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The Great Jobs Hunt: Too few Indians are employed and even fewer are employed in quality jobs

GS Paper 3

Syllabus: Indian Economy and issues relating to Planning, Mobilization of Resources, Growth, Development and Employment


Source: ToI 

Context: Among other things, the quality of economic growth is best measured by how well it translates into good quality jobs – a metric on which India falls short.


Status of employment in India:

  • As per the NSO’s Periodic Labour Force Survey (PLFS) and CMIE’s Consumer Pyramids Household Survey, India’s unemployment rate was 8% as of November 2022.
  • This means, around 3.5 – 3.9 crore Indians of working age population, who are willing and able to search for jobs, aren’t able to get one.
  • The labour force participation rate (LFPR) – the fraction employed or looking for a job, is currently around 46% (in 2021, in Brazil – 58%, Indonesia – 68%, all OECD – 60%). So, for every 100 Indians of working age, 54 do not participate in the labour force.


Issues related to employment in India:

  • Lack of reliable jobs data: As such data helps the government to make more informed policy decisions.
  • Problems in the available data: For example,
    • The unemployment rate excludes a 24-year-old preparing for public sector jobs or a 35-year-old who has given up looking.
    • Silent on the quality and productivity of jobs. For instance, excludes data on disguised unemployment – 5 people tilling a small field, when only 2 would be sufficient.
  • Missing women – gender discrepancy is enormous: At 19%, the female LFPR in India is even lower than Saudi Arabia. In 2019, only 30% of Indian females (81% – males) with tertiary education participated in the labour force (ILO).
    • It signifies both rising family incomes (females are not required to undertake jobs) and shortage of safe and secure, attractive jobs for women.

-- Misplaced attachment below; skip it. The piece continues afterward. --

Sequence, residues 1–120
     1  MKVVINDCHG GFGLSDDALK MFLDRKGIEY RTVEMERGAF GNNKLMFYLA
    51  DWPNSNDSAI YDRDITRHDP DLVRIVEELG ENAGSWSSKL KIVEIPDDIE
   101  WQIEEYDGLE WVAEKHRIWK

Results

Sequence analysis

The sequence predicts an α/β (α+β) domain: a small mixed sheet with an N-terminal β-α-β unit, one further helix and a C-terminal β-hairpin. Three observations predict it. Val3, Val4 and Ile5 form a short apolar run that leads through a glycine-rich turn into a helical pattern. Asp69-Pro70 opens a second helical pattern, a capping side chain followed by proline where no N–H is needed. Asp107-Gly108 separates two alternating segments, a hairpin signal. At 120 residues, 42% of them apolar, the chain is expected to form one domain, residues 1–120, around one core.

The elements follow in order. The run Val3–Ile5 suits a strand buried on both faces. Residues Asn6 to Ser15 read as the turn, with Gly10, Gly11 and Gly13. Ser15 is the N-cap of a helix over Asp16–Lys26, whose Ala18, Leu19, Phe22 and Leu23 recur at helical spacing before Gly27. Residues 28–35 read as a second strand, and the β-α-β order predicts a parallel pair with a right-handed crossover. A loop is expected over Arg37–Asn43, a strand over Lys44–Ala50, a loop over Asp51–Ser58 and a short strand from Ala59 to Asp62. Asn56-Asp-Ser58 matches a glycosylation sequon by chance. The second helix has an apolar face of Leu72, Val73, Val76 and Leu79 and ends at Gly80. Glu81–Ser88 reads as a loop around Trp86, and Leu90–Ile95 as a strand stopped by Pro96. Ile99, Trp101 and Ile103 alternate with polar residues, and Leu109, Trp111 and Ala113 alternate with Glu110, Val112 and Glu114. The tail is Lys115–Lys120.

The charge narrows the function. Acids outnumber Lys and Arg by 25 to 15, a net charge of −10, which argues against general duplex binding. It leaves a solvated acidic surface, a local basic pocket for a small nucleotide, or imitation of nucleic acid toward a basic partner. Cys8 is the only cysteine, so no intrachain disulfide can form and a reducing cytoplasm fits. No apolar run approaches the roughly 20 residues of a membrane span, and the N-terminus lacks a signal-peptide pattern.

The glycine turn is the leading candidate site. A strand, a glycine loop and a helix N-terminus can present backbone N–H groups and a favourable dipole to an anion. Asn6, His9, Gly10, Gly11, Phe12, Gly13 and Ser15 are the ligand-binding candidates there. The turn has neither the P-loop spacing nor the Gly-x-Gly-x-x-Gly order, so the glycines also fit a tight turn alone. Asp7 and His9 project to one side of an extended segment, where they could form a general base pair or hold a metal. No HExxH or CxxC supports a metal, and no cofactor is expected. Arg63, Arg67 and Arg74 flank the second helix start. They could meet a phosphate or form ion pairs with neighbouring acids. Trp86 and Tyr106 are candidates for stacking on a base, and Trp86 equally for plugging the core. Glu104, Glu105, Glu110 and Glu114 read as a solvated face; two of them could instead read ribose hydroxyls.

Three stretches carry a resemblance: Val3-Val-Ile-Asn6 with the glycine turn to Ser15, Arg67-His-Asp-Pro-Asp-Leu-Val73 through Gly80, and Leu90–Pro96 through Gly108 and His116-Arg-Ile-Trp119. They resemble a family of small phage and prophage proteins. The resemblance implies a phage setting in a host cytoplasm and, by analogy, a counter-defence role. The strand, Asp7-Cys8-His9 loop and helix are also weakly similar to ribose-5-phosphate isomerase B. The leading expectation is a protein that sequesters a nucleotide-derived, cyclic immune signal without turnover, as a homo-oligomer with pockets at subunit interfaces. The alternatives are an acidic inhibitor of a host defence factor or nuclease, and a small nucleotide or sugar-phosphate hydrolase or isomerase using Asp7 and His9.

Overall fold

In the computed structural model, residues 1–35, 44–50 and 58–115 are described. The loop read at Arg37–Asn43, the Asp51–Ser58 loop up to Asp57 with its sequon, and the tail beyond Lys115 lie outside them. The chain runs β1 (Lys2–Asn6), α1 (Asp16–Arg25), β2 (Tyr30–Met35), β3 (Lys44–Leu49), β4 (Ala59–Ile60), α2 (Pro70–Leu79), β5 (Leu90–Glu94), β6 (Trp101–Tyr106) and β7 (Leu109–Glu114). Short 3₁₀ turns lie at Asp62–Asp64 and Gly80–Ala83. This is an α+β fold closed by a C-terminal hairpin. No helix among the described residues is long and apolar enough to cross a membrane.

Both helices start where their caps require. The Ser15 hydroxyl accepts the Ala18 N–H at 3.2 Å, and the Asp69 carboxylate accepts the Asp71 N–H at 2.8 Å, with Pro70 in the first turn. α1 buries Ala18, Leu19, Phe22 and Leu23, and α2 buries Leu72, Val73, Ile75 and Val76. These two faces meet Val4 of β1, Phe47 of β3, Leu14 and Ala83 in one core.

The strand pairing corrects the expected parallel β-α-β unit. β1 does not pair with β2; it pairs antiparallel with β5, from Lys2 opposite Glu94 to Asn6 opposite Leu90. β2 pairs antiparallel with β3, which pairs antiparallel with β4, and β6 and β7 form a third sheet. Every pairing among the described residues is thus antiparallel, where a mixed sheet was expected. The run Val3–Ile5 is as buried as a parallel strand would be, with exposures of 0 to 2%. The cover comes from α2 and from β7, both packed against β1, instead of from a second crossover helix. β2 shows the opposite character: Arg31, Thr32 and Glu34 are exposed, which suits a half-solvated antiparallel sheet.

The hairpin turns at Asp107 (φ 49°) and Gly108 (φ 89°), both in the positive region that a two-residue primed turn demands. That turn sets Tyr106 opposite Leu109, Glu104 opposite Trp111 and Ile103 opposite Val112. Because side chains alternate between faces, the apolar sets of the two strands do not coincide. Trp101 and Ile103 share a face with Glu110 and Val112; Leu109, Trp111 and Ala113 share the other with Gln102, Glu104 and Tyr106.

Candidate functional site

• This led to productivity losses, loss of new ideas and innovations.
  • Increasing youth unemployment: It was 22% in 2019, 28% in 2021 as compared to 18% in 2010.
  • Quality and number of non-agricultural jobs decreased:
    • The PLFS indicates 46.5% of the labour force works in the agriculture sector today as compared to 42.5% in 2019.
    • This increase is not just a pandemic effect, as between 2018-2020, agricultural employment increased by 3.4 crore while industry and services only by 93 lakh.
    • Regular salaried employees too have dropped from 24% in 2018-19 to 21% in 2020-21.


Recent initiatives to boost employment rate in India:

  • Production Linked Incentives (PLI) scheme: 8 lakh jobs will be created over the next 5 years by directing subsidies into capital-intensive industries.
  • Indian military’s Agnipath Scheme


Some employment Generation Schemes of Government of India

Sr. No. Name of the Scheme/ Programme Ministry Remarks
1 Atmanirbhar Bharat Rojgar Yojana (ABRY) Ministry of Labour and Employment It was launched with effect in 2020 as part of Atmanirbhar Bharat package 3.0 to incentivise employers for creation of new employment along with social security benefits and restoration of loss of employment during Covid-19 pandemic.
2 Pradhan Mantri Rojgar Protsahan Yojana (PMRPY) It was launched in 2016 to incentivise employers for creation of new employment.
3 National Career Service (NCS) Project Project for transformation of the National Employment Service to provide a variety of career related services like job matching, career counselling, vocational guidance, information on skill development courses, etc.

Programmes that have the potential to generate productive employment

1 Digital India MeitY Digital India seeks to transform India into a digitally empowered society and knowledge economy.
2 Stand up India Scheme Ministry of Finance Stand-Up India Scheme for financing SC/ST and/or Women Entrepreneurs. The objective of the Stand-Up India scheme is to facilitate bank loans for setting up a greenfield enterprise.
3 Startup India DPIIT, Ministry of Commerce & Industry Startup India intends to catalyse startup culture and build a strong and inclusive ecosystem for innovation and entrepreneurship in India.

Challenges ahead:

  • 50 million job seekers will join the labour market over the next 5 years period and crores are already looking for jobs.
  • The unexpected outburst of youth in response to the Agnipath Scheme adds to the evidence that India is failing to create jobs.


Way ahead: Government, private sector and civil society must come together to find a sustainable way to create more and better jobs.


Insta Links:

Unemployment in India


Mains Links:

Q. Examine the causes behind unemployment in India. What measures are needed to ensure adequate job creation in order to reduce the rate of unemployment? (250 words)